Lately, I’ve been listening to yet another book on habits, and the author suggested writing down our secrets of adulthood. So it got me thinking, as I ring in my 41st year, what my five secrets of adulthood are.
I don't really want to call them secrets though, and rules seems too rigid, so I'll call them...um...stuff I've learned in my four-plus decades.
1. TRUST YOUR GUT
My intuition has always guided me well. Never was that so obvious than a few years back when I took a job I felt like I should take. Something was telling me that while the work appealed to me, the job itself wouldn't be the right fit. On paper though, I just couldn't see turning it down, so I ignored my instincts and signed the contract.
It was one of the worst experiences I ever had. And I could have spared myself and others a lot of stress had I listened to my gut.
2. THERE IS NO SECRET
Did you ever show up to a class having read the wrong assignment? And suddenly the professor starts talking and students start talking and you have the distinct impression that everyone knows something you don’t know?
I felt that way for much of my adulthood. I was certain that everyone knew something I didn’t know.
It’s only been since my thirties that I began to realize that it’s not true.
There is no secret. There is self-discovery, and taking chances and sharing hurts and joy - there is confronting shame and guilt and learning what it means for you to live the life you want to live.
But there is no secret. You know more than you think you know. Trust yourself.
3. THERE IS NO BOOK THAT WILL TEACH YOU SELF-KNOWLEDGE
If I could go back and give some advice to my 25-year old self, I’d take most of the books on self-knowledge out off of her bookshelf and torch them.
You can’t get to know yourself from a book. You can read about human behavior all you want, but if you don’t take the time to pick up the rocks in your own life and look underneath them, you’ll never understand how you feel, how you think, how you react - to yourself and others.
That takes a lot of inner work and that work is hard. It is so hard.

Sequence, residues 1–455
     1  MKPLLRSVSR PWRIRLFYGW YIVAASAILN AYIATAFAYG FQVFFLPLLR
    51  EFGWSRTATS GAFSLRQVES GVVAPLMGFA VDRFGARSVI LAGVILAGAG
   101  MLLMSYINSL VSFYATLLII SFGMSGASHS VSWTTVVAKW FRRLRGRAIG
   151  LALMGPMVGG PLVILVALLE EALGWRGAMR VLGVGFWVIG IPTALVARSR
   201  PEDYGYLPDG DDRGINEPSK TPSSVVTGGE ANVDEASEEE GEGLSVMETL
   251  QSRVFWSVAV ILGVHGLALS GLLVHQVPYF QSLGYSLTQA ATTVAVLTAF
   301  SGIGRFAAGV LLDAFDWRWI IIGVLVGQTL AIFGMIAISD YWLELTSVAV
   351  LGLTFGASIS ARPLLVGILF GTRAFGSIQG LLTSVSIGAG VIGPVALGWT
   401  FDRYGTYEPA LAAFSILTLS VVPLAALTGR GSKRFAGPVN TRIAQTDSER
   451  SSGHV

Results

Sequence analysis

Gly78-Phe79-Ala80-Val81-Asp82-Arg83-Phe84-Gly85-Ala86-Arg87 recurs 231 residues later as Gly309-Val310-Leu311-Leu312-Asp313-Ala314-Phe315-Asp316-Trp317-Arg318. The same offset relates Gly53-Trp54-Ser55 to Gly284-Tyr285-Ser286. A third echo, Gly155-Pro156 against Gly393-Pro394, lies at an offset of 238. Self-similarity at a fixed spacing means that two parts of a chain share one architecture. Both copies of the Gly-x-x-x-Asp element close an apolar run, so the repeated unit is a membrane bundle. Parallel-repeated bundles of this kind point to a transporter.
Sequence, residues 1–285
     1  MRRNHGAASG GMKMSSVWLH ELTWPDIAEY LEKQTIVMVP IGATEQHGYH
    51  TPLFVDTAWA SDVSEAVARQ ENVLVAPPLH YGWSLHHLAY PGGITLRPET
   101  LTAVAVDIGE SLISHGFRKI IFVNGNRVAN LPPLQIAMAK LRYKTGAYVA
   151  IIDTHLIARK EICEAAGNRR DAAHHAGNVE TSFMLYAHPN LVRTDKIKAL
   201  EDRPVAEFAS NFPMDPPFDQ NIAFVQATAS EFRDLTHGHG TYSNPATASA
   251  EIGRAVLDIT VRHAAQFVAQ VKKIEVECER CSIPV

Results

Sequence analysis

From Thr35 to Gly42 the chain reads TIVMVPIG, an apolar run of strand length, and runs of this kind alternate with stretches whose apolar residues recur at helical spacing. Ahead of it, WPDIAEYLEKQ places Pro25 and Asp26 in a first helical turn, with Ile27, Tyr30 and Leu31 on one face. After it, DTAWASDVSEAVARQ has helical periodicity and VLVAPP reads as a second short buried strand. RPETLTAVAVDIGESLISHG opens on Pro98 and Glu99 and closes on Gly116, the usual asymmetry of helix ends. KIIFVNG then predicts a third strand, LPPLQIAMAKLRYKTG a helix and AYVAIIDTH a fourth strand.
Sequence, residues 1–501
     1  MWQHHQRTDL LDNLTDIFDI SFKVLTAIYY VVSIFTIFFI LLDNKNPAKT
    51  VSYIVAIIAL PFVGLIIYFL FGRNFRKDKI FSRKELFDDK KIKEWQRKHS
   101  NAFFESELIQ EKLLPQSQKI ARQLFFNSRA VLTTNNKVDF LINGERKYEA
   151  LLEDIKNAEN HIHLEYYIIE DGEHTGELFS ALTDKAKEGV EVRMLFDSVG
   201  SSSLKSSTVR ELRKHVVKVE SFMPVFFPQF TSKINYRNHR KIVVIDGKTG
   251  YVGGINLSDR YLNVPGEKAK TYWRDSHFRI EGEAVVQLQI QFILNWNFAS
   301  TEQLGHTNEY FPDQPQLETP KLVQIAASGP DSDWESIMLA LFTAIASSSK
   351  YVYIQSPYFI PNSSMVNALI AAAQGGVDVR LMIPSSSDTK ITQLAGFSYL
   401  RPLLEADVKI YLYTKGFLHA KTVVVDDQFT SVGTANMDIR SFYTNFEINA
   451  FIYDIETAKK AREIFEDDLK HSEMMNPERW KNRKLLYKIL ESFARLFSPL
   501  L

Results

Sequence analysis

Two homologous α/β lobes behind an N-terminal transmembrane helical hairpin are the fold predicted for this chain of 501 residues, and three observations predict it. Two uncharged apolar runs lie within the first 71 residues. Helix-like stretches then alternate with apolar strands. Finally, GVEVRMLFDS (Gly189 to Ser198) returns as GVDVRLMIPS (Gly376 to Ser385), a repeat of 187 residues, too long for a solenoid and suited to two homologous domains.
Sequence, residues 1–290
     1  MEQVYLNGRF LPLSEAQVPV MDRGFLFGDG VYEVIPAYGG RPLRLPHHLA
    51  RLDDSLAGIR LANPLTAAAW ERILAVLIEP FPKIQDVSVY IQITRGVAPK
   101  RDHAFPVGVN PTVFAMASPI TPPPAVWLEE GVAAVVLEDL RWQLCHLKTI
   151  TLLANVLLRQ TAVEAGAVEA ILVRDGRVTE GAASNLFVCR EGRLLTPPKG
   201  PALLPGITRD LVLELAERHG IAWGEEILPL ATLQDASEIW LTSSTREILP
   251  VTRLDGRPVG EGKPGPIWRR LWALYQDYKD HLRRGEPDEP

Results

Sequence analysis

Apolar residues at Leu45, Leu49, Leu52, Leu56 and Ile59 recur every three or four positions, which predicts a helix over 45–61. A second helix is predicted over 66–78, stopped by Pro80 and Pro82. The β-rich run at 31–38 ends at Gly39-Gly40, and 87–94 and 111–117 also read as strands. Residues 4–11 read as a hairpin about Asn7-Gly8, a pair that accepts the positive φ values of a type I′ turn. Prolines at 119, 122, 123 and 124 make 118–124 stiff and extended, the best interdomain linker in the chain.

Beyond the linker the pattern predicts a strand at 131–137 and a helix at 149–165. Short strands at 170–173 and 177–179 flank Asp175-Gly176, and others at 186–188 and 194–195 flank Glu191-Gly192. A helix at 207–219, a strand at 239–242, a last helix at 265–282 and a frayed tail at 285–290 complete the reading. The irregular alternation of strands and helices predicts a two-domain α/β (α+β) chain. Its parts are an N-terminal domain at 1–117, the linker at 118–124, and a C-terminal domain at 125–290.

If you sweep everything under the rug, you’re going to trip over that rug one day. I promise you.
4. HAVE FUN
One of the things I appreciate most about my dad, and there are many, is his silliness. After a long week at the steel mill, he would always get up on Saturday mornings to watch Bugs Bunny with us, and I’m pretty sure, knowing what I know about Dad, he’d have watched Bugs Bunny anyway. He was watching Scooby Doo when I was born, and it wasn’t to accommodate a kid in the room. He turns phrases inside out, laughs with ease, and can find the humor in anything.
If you’ve been to the gym, you may have seen me wearing a horse head, throwing rubber chickens or putting on a polka. Because polka.
Sometimes I do it to put myself in a better mood, and sometimes I do it because rubber chickens. Life is way too short to be serious.
5. Be Kind. Be compassionate
One of the greatest acts of kindness I ever received came from a college student at a tavern in State College. I'd just come out to my parents and it hadn't gone well. So I was sitting in the bar, sipping on a beer, crying and trying to make sense of what might come next. On her way out the door, the student put her hand on my shoulder and said, "I don't know what's wrong, but it will be ok."
It mattered. Kindness always matters. Sometimes we're too much in our own heads to pay attention. Sometimes it's difficult to have compassion for those who don't share our views, who push our buttons and challenge our instincts for kindness.
But those are the folks who need it most.
* Always have tweezers. Because chin hair, and now gray chin hair.
**The only way out is through. Tough times come and go. Sometimes they last a long time. But you will get through them.